This was the first time people rode on one of the Russian rockets since October 11, when two and a half minutes after takeoff, one of the Soyuz MS-10's four boosters broke off, sending the aircraft spinning out of control.
Last month, Roscosmos tweeted a video of the October 11 failed Soyuz rocket launch that forced NASA astronaut Nick Hague and Russian cosmonaut Alexey Ovchinin into making a harrowing emergency landing.
It is the first mission since an aborted launch in October.
Russian Federation said last month the launch of the Soyuz rocket failed because of a sensor that was damaged during assembly at the Baikonur cosmodrome, but officials insisted the spacecraft remains reliable.
American Anne McClain, Canadian David Saint-Jacques and Russian Oleg Kononenko successfully took off from the Baikonur Cosmodrome in Kazakhstan on Monday on their way to the International Space Station.
Nasa administrator, Jim Bridenstine confirmed on Twitter that the crew were "safely in orbit" and thanked the United States and Russian teams "for their dedication to making this launch a success". Kononenko and Saint-Jacques were the backup crew members for the previous MS-10 mission which ended with a booster separation failure.
"Risk is part of our profession", the 54-year-old said at a press conference.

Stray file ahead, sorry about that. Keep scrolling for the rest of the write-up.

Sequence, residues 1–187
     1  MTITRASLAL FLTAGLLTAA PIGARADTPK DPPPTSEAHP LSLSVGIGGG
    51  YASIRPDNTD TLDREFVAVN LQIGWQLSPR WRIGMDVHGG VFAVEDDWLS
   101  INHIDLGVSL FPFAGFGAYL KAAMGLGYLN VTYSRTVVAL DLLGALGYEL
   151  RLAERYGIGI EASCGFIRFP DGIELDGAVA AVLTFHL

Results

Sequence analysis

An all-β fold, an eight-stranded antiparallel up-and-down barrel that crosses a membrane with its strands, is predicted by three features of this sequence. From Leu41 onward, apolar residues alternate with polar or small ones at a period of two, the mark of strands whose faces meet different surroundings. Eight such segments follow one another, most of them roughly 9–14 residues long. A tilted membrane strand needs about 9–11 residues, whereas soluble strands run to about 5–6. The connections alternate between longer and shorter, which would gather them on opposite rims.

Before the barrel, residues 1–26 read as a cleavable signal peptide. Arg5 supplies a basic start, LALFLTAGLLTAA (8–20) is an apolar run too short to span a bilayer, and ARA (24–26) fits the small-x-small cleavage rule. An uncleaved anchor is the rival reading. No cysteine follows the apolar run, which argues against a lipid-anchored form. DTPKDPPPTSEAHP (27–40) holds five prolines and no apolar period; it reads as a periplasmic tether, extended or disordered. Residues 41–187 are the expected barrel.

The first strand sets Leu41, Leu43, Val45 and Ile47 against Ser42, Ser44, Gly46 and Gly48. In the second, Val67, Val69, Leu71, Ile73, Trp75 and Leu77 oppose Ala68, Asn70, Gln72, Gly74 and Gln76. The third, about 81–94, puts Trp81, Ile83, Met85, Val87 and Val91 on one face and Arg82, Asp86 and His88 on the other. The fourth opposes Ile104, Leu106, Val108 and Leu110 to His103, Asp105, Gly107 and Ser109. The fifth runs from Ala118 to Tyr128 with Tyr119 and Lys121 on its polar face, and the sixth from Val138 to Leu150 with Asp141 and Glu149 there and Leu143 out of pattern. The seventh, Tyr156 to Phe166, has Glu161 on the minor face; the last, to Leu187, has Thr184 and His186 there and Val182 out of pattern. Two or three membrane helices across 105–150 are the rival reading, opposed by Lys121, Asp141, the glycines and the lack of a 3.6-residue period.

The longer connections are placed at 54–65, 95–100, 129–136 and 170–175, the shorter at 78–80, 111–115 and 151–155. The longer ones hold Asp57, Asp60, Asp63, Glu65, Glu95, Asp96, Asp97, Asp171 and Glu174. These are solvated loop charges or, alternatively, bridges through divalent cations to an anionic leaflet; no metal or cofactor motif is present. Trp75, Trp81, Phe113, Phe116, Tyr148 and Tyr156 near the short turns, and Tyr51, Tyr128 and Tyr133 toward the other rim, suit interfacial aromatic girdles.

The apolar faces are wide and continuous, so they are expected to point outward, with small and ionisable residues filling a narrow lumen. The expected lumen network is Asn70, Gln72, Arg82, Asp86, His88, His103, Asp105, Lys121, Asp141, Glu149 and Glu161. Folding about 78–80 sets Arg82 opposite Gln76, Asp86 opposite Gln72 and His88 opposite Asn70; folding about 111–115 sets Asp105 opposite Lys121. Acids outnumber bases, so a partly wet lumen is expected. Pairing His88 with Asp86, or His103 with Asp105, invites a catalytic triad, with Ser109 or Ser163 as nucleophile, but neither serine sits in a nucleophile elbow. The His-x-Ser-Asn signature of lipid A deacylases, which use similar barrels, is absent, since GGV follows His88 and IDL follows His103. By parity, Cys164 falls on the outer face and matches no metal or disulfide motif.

After NASA retired the Space Shuttle in 2011, Russian Soyuz rockets have been the only way to get people to the International Space Station.
Their Soyuz MS-11 spacecraft entered a designated orbit just under nine minutes after the launch and is set to dock at the space outpost in about six hours after making four orbits of the Earth.
Russian Federation said last month the October launch had failed because of a sensor damaged during assembly at the Baikonur cosmodrome, but insisted the spacecraft remained reliable.
Veteran Kononenko said the crew would conduct a spacewalk on 11 December as part of an investigation into a mysterious hole that has caused an air leak on the ISS.
Saint-Jacques will be his own main subject, using his medical training to try and develop new programs to keep astronauts healthy in space.
But the space agency's chief executive, former deputy prime minister Dimitry Rogozin, has been bullish about the project, according to Russian news agency Interfax.
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